In the usually empty urban oasis known as the Aztec Garden, behind the Organization of American States Building, five female figures, each 7 feet tall, seem to be scurrying across the path, hell-bent on getting somewhere. Their hair is flying, their jeans flap in the wind. They are not real: Their silhouettes have been cut from sheets of raw steel by Venezuelan artist Beatriz Blanco. But their crackling energy fills the garden with a welcome presence.
Blanco, 37, is one of Venezuela's best-known young artists, and she has spent the last three years in America on a grant from her government. This show, her first solo in Washington, informs us there is a strong new artist in our midst, and her concurrent show of smaller work at Zenith Gallery confirms it.
The sculptures in both shows deal with the same female figure with flying hair. But the works in the OAS garden are monumental in scale, and the artist uses the surrounding space to fine advantage. Whatever their size, however, Blanco's working method remains the same: She begins by drawing her figure on a cardboard pattern, which is then placed on a sheet of Cor-Ten steel at a foundry, and cut out. Readers of art magazines will recognize this method as one currently being used by American artist Jonathan Borofsky.
But Blanco then proceeds in one of two ways: She either removes the cut-out figure and mounts it on a base to make it free-standing; or she cuts it and arranges it at an angle to the steel sheet from which it was cut, making a sculpture that contains a pair of images--positive and negative.
A former maker of animated films, Blanco sometimes superimposes successive images to imply movement. The cutting by the founders is extremely fine, leaving intact the passages of energetic lines that Blanco uses so expressively in her drawings.
This series of work, all made since Blanco moved to Washington, is known collectively as "Presence on the Path," and it has great variety of mood within this limited format. The large sculpture will continue to offer good company to visitors in the Aztec Garden through Oct. 8. The garden can be reached by pathways either next to the OAS building at 17th Street and Constitution Avenue NW, or the Museum of Modern Art of Latin America at 201 18th St. NW. Hours are 10 to 5 every day.
The seven works in the Zenith show, at 1441 Rhode Island Ave. NW (where Blanco also has a studio), are on view through Sept. 4, Monday through Saturday, noon to 6. Also on view are the works of four other artists working in the Zenith complex--bronze sculptor Carol Newmyer and painters Ellen Sinel, Mark Shecter and Laima Simanavichus. Margery Goldberg has made a good and informative videotape to go with the show. It can be seen upon request. Sculpture at Glen Echo Park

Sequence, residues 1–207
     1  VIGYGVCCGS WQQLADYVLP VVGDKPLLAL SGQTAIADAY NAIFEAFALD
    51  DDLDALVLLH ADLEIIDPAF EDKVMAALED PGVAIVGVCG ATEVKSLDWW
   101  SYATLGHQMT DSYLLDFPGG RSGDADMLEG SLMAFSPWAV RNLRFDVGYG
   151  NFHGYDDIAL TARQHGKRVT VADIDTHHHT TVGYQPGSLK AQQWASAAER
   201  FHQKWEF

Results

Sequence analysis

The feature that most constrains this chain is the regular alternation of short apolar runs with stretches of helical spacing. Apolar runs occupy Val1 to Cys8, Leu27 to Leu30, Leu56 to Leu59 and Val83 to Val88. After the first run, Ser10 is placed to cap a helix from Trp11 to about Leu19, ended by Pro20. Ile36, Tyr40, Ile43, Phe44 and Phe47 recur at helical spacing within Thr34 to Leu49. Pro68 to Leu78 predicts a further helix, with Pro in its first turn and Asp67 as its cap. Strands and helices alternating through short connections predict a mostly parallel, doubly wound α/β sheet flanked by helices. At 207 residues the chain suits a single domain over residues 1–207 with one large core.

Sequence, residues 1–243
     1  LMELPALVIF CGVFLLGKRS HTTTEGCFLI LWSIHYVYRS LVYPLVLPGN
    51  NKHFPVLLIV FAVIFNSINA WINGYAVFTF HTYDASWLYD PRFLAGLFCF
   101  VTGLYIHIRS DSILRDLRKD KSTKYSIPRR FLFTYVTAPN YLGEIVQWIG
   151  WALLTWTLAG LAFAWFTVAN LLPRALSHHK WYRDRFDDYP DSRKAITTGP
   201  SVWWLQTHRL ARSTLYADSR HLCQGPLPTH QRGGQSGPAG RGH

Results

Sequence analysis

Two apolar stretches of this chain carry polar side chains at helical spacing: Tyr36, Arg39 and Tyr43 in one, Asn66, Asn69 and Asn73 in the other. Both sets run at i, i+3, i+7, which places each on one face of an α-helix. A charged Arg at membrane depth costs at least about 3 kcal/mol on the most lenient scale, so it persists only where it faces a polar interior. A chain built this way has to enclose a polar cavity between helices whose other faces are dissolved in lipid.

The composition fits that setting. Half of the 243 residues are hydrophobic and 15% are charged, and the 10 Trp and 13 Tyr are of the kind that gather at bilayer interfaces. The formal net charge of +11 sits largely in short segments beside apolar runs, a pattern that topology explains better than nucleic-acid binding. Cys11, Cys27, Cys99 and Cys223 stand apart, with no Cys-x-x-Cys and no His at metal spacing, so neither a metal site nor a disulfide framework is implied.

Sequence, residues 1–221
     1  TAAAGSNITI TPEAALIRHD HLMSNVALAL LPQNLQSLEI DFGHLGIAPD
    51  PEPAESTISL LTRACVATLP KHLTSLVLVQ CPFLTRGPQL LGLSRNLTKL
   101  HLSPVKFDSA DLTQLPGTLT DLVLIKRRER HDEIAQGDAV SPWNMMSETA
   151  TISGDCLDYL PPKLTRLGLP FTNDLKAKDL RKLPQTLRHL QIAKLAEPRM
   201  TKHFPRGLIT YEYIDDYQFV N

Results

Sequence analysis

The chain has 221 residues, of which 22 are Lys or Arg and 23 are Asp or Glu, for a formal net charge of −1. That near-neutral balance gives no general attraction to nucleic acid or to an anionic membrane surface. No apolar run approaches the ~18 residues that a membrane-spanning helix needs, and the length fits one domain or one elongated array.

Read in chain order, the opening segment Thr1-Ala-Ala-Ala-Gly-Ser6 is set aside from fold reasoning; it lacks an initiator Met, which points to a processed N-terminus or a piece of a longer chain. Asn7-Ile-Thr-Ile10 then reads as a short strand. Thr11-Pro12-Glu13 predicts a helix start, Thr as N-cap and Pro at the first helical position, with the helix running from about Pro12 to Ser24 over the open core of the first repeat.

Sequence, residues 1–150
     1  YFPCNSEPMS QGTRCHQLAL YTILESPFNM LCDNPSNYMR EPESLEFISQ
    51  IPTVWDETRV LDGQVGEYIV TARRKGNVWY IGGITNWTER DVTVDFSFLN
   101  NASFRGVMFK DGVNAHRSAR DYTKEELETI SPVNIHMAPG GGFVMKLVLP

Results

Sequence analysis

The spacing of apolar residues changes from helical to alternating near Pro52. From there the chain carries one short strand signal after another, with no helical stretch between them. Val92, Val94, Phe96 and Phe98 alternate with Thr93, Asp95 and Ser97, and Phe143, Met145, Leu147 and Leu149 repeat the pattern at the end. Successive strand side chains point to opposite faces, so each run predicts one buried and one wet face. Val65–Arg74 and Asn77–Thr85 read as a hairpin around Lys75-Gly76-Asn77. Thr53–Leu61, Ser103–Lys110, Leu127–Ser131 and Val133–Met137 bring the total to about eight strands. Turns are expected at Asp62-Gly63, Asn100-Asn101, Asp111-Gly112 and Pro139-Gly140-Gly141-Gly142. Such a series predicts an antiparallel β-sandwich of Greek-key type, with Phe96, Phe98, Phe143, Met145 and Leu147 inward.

"Earth Five," the current site-sculpture show at Glen Echo Park, is a very big idea, and gives Washington at least a taste of the kind of sculptural excitement--and experimentation--that goes on at Artpark in Lewiston, N.Y., every summer. Given the wealth of talent in this area--and the space available at Glen Echo--one wonders why we can't have that sort of ongoing program here.
But thanks to the inspiration and encouragement of Patrick Mohr, former resident sculptor at Glen Echo, six good works by five artists have sprouted in the park this summer, two of them visible from the parking lot.
Most prominent is "Life Cycles" by Margot Schnitzer de Neuhaus--four tall cedar logs encircling four split logs that lean on each other teepee-style. Though wholly abstract, the piece has anthropomorphic overtones, conjuring the image of people watching a wrestling match, or some other physical activity. The work has close-up pleasures as well. The wood has been stripped of its bark, the surfaces then gouged and carved to heighten awareness of the textural and color variations in the cedar. It is an altogether pleasing experience.
So is David Harper's environmental piece that stands nearby. Marked by a roughly built, free-standing orange doorway, the piece beckons the viewer into the woods via a path marked by a succession of door jambs of diminishing size. The reward for taking the lure: an encounter with a small brook, where the path is obstructed by a pile of natural rubble (topped by a soda can or two) that provokes all kinds of pro-environmental thoughts.
It also conjures recollections of a far more ambitious piece of the same sort shown at the 1977 Documenta exhibition in Kassel, Germany--the work of American sculptor George Trakas, who is still frustratingly absent from the Washington scene.
There are other pieces scattered around the park, including Elizabeth Follin-Jones' "The Four Elements" and Paula Daves' conceptual "Time Grid." Gathering darkness kept me from seeing them, but I did find--and enjoy--Jean Rutka's primitive, provocative "Community" tucked into a clearing behind the yurts. Consisting of sentinel-like bundles of tall sticks bound together by string and surrounding a hollowed-out ditch, the work gives off the aura of some ancient ritual or burying ground.
The show--for which Glen Echo deserves a heap of praise--continues through Sept. 30. While at the park, don't miss the opportunity to visit the Writer's Center where artists' books are both published and sold. Several of the same, wonderfully imaginative books are now on exhibit in the window of WPA's bookshop at 404 Seventh St. NW. Photograph Sale
Photography dealer Gerd Sander, who closed his gallery last winter but now deals privately, will put his entire stock of 19th-century photographs on sale today at 1430 Highland Dr. in Silver Spring from 10 to 5. Photography books, posters and catalogues as well as vintage images--some as low $10 to $50--will be included. Rain date is tomorrow, 1 to 6.